Djuanda Cabinet

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The Djuanda Cabinet, or "Working Cabinet" (Indonesian: Kabinet Karya) was an Indonesian cabinet that served from 9 April 1957 until 5 July 1959, when it was dissolved by a decree from President Sukarno.


On 14 March 1957, the Second Ali Sastroamidjojo Cabinet collapsed as a result of pressure from regional rebellions, splits between the parties comprising it and attacks on the political system, which led to the resignations of members. President Sukarno had expressed his desire for a gotong royong (mutual help) cabinet, in which the four major parties, including the Communist Party of Indonesia (PKI) would work together in the national interest. However, following vociferous opposition from the other parties and the Army, Sukarno was forced to back down. On 15 March, he asked Indonesian National Party chairman Suwirjo to form a cabinet, but he failed, with the result that Sukarno himself called a meeting on 14 April of party leaders and military officers, at which they were all asked if they were prepared to join the cabinet. The Masyumi Party, most of whose members refused to serve in the cabinet, accused Sukarno of acting illegally, but to no avail. The party later expelled its two members who joined the cabinet. Sukarno appointed cabinet veteran Djuanda Kartawidjaja to head a cabinet made up of qualified individuals who did not represent any parties. The cabinet was announced on 8 April and appointed by Sukarno the following day at the Merdeka Palace.[1][2][3]


Cabinet Leadership[edit]

Cabinet Members[edit]

  • Minister of Foreign Affairs: Subandrio
  • Minister of Home Affairs: Sanoesi Hardjadinata (PNI)
  • Minister of Defense : Djuanda
  • Minister of Justice: G.A. Maengkom (PNI)
  • Minister of Information: Soedibjo (Indonesian Islamic Union Party - PSII)
  • Minister of Finance: Sutikno Slamet (PNI)
  • Minister of Agriculture: Sadjarwo (Peasants Front of Indonesia - BTI)
  • Minister of Trade: Sunardjo (NU)
  • Minister of Industry: F.J. Inkiriwang
  • Minister of Transport: Sukardan
  • Minister of Maritime Transport: Moh. Nazir
  • Minister of Public Works and Manpower: Pangeran Mohammad Noor (Masyumi Party)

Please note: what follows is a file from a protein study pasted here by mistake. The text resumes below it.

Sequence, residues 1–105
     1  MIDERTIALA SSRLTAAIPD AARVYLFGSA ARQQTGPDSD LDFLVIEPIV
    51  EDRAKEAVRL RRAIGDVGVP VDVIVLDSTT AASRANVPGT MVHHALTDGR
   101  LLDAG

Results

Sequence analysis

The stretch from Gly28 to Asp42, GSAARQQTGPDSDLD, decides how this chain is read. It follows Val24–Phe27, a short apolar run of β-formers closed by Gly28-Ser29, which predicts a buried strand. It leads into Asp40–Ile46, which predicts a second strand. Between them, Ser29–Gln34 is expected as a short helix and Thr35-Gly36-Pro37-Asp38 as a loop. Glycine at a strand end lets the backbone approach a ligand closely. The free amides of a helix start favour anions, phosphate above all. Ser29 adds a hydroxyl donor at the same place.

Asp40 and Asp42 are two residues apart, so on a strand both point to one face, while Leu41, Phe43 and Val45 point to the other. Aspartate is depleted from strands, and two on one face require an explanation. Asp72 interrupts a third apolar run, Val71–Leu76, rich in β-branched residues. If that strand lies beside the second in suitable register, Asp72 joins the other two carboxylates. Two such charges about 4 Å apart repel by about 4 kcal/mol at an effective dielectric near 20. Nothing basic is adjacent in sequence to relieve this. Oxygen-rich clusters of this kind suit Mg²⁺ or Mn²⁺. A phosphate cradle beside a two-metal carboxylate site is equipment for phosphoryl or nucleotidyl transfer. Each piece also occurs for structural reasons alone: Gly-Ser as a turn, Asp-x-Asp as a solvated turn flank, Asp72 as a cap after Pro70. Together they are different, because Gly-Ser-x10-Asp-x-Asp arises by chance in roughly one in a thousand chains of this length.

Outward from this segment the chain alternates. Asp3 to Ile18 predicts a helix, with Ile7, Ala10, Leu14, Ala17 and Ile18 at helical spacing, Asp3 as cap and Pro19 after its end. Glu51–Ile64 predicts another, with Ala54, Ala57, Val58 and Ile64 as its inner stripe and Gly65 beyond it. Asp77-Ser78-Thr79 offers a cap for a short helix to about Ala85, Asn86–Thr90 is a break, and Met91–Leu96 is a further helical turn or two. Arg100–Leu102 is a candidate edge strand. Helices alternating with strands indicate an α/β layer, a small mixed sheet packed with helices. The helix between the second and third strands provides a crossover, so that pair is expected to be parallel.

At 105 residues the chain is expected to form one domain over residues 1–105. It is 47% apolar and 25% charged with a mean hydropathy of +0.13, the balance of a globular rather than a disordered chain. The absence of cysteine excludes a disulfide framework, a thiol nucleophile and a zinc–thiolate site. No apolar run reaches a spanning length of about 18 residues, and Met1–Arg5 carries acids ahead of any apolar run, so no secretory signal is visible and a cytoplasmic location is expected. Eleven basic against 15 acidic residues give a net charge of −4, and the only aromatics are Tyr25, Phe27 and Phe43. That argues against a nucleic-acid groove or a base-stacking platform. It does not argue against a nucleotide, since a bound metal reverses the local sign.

• Minister of Labor: Samjono
  • Minister of Social Affairs: Johannes Leimena (Parkindo)
  • Minister of Education & Culture: Prijono (Murba Party)
  • Minister of Religious Affairs: Moh. Iljas (NU)
  • Minister of Health: Col. Dr. Azis Saleh (IPKI)
  • Minister of Agrarian Affairs: Sunarjo (NU)
  • Minister for Mobilization of the People and Development: A.M. Hanafi (People's Congress)
  • State Minister for Veteran Affairs: Chairul Saleh
  • State Minister for Relations between the Regions: F.L. Tobing (SKI)


  • Social Minister Leimaena was appointed Third Deputy Prime Minister on 29 April 1957. On the same day, Chairul Saleh and F.L. Tobing were promoted to full ministers, meaning there were no longer any state ministers. Muljadi Djojomartono was appointed to replace Leimena as Social Affairs Minister on 25 May.
  • A number of changes took place on 25 June 1958. Trade Minister Sunardjo was replaced by party colleague Rachmat Muljomiseno, Mobilization of the People and Development Minister A.M. Hanafi was appointed State Minister and Relations between the Regions Minister F.L. Tobing was appointed Transmigration Minister. Three new posts were created: Col. Suprajogi was appointed State Minister for the Stabilization of the economy; Wahib Wahab (NU) was appointed State Minister for Civil-Military Cooperation and Muhammad Yamin was appointed State Minister.


  • Feith, Herbert (2007) The Decline of Constitutional Democracy in Indonesia Equinox Publishing (Asia) Pte Ltd, ISBN 978-979-3780-45-0
  • Lev, Daniel S (2009) The Transition to Guided Democracy: Indonesian Politics 1957-1959 Equinox Publishing (Asia) Pte Ltd, ISBN 978-602-8397-40-7
  • Simanjuntak, P. N. H. (2003), Kabinet-Kabinet Republik Indonesia: Dari Awal Kemerdekaan Sampai Reformasi (Cabinets of the Republic of Indonesia: From the Beginning of Independence to the Reforms Era) (in Indonesian), Jakarta: Djambatan, pp. 181–187, ISBN 979-428-499-8. 


  1. ^ Lev (2009) pp 26-34
  2. ^ Feith (2007) pp 579-580
  3. ^ Simanjuntak (2003) p182